The research center’s mission and vision will be to teach, study and promote civil rights and social justice through its educational and community programs.
“The mission of this research center is to promote research and produce programming on issues of civil rights and social change. As long as we still have these ills in our society, it’s going to be important to have institutions to address those problems. If we can be an asset to the community in that way and be a bridge for some of the things happening in the community to the legislators, to the policy makers, to law makers, to the media, to get that word out, then I think that’s ultimately what we want to do,” Young said.
“We want to in some way be a bridge to not only move our research into action but to highlight these problems and produce imperial data that addresses those issues and ultimately be used to bring about some sort of change.”
The center also intends on carrying forth the legacy of those who fought for racial, gender, political and economic equality for all underrepresented groups.
“I think it was a need to study some of these issues that are happening in our community. We are in unique times. I think especially as it relates to the black community, HBCUs really should be at the center of some of the problems that are arising across the state and across the nation,” Young said.
“Myself and Dr. Ellis collaborated and brainstormed about ways we could really move our scholarship to being more practical and to address some of these issues in our community. We came up with the idea to study, promote and develop programming around the ideas of civil rights and social justice, as a reaction to many of the issues taking place today. We also were looking at the opportunity to increase collaboration among students, administrators and the community to address some of those problems.”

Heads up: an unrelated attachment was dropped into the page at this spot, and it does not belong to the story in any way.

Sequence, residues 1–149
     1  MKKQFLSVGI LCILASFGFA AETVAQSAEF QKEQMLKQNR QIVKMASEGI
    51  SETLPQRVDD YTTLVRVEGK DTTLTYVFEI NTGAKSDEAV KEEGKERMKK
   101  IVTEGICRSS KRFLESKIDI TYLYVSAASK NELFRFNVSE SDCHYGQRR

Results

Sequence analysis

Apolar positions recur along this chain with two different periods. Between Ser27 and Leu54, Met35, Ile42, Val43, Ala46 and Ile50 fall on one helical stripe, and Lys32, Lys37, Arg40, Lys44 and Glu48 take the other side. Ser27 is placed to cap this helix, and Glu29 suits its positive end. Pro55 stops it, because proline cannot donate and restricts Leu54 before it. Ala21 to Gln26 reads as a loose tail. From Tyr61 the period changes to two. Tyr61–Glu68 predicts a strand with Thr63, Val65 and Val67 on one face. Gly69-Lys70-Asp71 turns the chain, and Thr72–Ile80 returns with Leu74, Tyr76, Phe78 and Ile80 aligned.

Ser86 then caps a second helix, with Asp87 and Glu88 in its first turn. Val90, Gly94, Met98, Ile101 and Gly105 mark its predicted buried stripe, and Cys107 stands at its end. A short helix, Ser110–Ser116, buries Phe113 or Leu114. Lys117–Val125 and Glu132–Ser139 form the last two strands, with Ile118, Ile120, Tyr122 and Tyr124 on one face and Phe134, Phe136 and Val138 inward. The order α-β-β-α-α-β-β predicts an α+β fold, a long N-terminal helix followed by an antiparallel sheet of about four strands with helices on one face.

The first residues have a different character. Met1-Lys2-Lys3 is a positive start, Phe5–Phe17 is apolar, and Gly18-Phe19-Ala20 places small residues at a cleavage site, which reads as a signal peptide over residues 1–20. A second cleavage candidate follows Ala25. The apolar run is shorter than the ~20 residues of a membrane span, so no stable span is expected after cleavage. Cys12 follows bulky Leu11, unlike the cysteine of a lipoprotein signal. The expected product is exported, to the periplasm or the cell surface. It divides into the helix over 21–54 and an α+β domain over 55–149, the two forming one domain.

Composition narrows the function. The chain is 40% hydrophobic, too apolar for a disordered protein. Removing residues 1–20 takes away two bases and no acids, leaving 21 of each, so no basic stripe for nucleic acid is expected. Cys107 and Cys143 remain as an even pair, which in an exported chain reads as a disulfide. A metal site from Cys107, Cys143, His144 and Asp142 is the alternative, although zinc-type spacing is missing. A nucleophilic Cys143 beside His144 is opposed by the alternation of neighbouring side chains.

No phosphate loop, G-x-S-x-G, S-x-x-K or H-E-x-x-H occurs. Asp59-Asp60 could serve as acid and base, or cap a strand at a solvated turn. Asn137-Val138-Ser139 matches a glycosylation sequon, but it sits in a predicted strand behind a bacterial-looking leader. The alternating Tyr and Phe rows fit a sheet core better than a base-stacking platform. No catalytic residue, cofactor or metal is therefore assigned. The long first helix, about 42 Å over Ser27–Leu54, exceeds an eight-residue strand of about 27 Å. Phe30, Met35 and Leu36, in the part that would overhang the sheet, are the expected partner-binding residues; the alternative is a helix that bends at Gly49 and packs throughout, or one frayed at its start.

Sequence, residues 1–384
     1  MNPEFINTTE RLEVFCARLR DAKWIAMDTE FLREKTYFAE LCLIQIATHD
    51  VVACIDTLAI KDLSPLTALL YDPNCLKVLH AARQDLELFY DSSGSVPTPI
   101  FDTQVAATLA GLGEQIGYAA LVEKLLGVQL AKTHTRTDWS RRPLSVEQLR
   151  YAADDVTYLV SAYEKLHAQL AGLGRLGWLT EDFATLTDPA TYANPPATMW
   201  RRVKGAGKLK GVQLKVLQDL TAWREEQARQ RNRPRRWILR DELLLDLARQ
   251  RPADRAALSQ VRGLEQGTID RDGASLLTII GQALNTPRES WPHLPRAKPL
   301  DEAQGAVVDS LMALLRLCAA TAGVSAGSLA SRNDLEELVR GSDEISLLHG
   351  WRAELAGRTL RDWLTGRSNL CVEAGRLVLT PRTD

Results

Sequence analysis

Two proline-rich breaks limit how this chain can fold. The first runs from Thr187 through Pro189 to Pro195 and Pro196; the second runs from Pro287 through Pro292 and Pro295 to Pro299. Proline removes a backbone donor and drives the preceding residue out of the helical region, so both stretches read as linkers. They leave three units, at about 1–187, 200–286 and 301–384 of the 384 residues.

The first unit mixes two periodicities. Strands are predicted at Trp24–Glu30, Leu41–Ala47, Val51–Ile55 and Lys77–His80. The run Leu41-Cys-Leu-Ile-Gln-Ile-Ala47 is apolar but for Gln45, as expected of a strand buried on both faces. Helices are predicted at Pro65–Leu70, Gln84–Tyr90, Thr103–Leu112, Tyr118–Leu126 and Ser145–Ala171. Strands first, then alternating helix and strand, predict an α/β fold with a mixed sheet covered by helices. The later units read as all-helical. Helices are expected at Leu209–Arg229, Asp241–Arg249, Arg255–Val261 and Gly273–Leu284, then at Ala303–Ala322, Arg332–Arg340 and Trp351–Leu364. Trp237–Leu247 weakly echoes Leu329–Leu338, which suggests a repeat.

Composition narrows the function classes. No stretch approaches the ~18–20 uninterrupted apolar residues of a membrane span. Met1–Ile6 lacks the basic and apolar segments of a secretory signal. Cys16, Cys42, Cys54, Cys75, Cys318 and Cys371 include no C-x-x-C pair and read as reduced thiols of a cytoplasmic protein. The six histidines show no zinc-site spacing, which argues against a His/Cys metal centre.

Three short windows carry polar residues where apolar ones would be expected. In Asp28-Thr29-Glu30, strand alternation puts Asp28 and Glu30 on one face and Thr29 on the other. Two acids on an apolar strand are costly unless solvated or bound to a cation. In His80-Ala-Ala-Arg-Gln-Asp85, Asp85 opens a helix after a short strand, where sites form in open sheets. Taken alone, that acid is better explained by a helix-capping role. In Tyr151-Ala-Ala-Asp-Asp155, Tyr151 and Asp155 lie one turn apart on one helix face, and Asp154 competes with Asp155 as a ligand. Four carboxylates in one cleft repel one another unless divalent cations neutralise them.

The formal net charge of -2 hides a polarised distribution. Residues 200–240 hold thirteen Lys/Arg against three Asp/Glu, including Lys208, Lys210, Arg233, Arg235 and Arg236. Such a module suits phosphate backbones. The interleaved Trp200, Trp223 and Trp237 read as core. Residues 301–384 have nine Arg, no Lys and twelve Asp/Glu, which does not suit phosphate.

This research component will provide ample opportunities including, disseminating original research, producing conferences and a quarterly magazine, contributing to documentaries and galvanizing research from FAMU, other institutions, students and faculty.
“This is our effort at contributing to the president’s strategic plan. This is a research, doctoral institution attracting scholars, producing scholars in a variety of fields and disciplines. This is our effort in contributing to the university’s way forward.”
Young spoke about the long-term impact of the center on the community.
“We will serve as a hub for students here at Florida A&M University but also our partnering students at Florida State and individuals in the SUS who want to come and research at our center. We have access to the archives at the black archives. As we continue to build out our institute, if those individuals want to come and serve as an intern or a graduate researcher center to research these issues that we are researching ourselves, that will help them develop master thesis or doctoral dissertations,” said Young.
“I think it’s a win-win for the student body population, the local community and also for the region because of the long-term impact that the center will be able to produce, not just from a research perspective but also a humanitarian perspective in terms of how we change the way individuals look at these issues.”